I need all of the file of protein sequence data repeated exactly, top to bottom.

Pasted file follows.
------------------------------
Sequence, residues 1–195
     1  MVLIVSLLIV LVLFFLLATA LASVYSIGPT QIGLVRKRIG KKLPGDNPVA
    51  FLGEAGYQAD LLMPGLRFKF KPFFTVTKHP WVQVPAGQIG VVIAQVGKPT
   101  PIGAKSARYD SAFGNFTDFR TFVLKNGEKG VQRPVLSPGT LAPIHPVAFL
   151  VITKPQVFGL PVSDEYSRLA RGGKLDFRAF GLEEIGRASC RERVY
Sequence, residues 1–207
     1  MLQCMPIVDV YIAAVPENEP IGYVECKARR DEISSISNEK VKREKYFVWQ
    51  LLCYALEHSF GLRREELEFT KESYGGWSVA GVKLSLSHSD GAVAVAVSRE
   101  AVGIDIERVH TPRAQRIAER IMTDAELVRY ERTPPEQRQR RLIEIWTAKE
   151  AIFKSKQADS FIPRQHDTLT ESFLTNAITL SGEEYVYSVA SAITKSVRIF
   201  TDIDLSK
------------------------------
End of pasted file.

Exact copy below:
Sequence, residues 1–195
     1  MVLIVSLLIV LVLFFLLATA LASVYSIGPT QIGLVRKRIG KKLPGDNPVA
    51  FLGEAGYQAD LLMPGLRFKF KPFFTVTKHP WVQVPAGQIG VVIAQVGKPT
   101  PIGAKSARYD SAFGNFTDFR TFVLKNGEKG VQRPVLSPGT LAPIHPVAFL
   151  VITKPQVFGL PVSDEYSRLA RGGKLDFRAF GLEEIGRASC RERVY
Sequence, residues 1–207
     1  MLQCMPIVDV YIAAVPENEP IGYVECKARR DEISSISNEK VKREKYFVWQ
    51  LLCYALEHSF GLRREELEFT KESYGGWSVA GVKLSLSHSD GAVAVAVSRE
   101  AVGIDIERVH TPRAQRIAER IMTDAELVRY ERTPPEQRQR RLIEIWTAKE
   151  AIFKSKQADS FIPRQHDTLT ESFLTNAITL SGEEYVYSVA SAITKSVRIF
   201  TDIDLSK